Codename "Astoria": Data Services for the Web

The "data programmability" team at Microsoft is responsible for the various technologies developers use in applications to access and manipulate data. One of the topics we have been looking at lately is how "new" internet applications use data in the web environment. Project codename "Astoria" reflects our current thinking on the topic. Instead of telling "what we are going to build", we decided to make the bits and infrastructure public for the development community to look at and give us feedback.

Today we are making a very early experimental release of Project Codename "Astoria". This Community Tech Preview (CTP) release has a dual nature; we are shipping both CTP bits you can download, install and run on your own systems; we are also making available an experimental online service that we hope will help better understand the requirements and use cases of data interfaces in the web.

So, what does it do?

Astoria exposes "data services" that enable applications to access and manipulate data over regular HTTP connections, using URIs to identify pieces of information within the data service, and simple payload formats such as XML and JSON to represent the data exchanged between the client and the server.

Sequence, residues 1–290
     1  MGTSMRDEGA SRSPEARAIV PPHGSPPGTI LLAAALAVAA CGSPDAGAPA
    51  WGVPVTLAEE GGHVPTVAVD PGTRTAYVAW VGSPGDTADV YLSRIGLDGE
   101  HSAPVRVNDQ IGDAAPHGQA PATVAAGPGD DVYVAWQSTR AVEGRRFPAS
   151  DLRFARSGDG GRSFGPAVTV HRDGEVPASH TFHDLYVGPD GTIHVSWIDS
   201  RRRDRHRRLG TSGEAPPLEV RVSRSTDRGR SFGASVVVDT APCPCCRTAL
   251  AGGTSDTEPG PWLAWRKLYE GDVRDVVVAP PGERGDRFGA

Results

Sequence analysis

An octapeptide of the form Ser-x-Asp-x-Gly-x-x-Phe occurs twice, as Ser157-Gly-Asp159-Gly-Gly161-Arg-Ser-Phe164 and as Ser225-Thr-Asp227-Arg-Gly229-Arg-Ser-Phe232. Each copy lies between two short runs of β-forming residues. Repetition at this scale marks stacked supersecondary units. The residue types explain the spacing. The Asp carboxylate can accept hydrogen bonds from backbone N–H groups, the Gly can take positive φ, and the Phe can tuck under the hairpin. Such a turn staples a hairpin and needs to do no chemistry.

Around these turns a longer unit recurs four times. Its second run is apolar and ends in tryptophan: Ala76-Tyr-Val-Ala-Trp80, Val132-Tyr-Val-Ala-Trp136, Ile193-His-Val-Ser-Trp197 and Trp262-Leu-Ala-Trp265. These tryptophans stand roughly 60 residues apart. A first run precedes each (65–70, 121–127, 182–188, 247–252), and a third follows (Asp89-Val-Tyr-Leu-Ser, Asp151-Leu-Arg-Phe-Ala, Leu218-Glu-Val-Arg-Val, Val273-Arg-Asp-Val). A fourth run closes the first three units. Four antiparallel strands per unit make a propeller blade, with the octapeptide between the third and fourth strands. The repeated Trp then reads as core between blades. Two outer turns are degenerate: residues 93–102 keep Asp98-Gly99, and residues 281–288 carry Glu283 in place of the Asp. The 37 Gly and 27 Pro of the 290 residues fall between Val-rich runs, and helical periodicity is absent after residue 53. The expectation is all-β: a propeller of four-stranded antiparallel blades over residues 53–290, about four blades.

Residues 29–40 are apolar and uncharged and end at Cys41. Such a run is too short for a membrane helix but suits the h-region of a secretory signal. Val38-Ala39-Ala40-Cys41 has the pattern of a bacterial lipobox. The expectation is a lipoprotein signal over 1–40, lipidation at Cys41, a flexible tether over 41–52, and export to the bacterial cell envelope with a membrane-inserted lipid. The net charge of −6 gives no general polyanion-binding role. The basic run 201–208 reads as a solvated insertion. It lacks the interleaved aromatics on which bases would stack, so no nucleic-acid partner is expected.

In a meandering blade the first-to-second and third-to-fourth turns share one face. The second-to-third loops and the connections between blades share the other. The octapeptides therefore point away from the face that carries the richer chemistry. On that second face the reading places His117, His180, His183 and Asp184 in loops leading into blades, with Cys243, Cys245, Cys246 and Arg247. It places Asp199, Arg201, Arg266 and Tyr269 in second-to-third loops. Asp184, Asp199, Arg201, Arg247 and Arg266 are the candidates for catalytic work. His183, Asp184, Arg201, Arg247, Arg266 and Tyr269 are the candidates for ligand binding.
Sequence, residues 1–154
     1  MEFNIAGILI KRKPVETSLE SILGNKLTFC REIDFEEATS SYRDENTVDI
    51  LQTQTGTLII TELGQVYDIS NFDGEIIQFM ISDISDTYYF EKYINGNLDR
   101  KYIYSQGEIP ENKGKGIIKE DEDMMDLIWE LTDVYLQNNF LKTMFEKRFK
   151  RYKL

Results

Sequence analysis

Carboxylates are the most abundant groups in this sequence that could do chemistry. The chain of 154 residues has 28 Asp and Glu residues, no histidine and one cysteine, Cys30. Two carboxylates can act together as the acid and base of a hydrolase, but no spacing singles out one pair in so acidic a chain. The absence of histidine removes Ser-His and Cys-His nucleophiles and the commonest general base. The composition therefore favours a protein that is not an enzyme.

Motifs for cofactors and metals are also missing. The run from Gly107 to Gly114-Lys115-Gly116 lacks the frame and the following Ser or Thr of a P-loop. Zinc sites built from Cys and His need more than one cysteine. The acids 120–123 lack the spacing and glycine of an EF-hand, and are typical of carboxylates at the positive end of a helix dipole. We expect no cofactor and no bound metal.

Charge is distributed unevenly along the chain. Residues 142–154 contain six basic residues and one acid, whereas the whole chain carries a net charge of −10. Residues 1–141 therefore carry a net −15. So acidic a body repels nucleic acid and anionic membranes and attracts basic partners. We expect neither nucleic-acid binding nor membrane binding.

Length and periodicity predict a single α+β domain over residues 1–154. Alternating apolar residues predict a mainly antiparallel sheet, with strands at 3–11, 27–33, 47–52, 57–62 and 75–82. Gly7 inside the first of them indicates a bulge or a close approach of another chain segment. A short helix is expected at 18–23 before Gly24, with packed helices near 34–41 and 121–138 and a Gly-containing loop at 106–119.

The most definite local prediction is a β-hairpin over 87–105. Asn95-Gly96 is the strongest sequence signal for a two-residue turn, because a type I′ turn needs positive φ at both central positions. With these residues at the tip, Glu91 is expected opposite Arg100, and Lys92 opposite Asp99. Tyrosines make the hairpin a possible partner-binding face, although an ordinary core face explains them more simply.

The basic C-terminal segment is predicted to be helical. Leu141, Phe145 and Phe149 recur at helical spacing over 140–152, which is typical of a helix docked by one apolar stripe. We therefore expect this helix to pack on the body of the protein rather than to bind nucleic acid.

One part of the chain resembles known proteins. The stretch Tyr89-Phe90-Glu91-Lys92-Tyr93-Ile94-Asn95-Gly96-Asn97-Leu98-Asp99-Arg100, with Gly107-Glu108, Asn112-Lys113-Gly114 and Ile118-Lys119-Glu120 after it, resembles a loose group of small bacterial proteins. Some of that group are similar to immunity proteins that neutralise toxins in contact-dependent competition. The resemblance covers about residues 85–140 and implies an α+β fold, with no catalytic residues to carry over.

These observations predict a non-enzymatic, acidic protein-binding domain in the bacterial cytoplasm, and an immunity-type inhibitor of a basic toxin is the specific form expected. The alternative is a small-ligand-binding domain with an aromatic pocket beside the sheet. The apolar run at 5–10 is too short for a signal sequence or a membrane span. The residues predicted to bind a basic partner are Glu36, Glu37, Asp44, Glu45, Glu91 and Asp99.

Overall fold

What is it useful for?

There are a number of scenarios that we think are interesting for this technology. Most of the scenarios are related to the way new web applications are built.

If you look at AJAX-based web applications, one interesting aspect of the way they are delivered to the client is that typically the presentation and client-side behavior is delivered on the initial hit to a given web page, and then the code in that page (typically Javascript) turns back and fetches data as the user interacts with the user interface. This brings a strong separation between presentation and data. What is more, this means that now we require a server-side piece that the javascript code can "talk to". Of course, you can always roll you own server-side entry points for data access; however, not only that is expensive but also it greatly reduces the chances to build tooling and user-interface controls that can work generically on any data access entry point into the server.

This separation is even stronger in rich internet applications built on technologies such as Silverlight and Flash. The code that is delivered to the client when a user hits the web application is pre-compiled and it contains no data at all other than any hardcoded information. Again, these applications talk back to their servers to retrieve data, manipulate it and push changes back into the service for storage.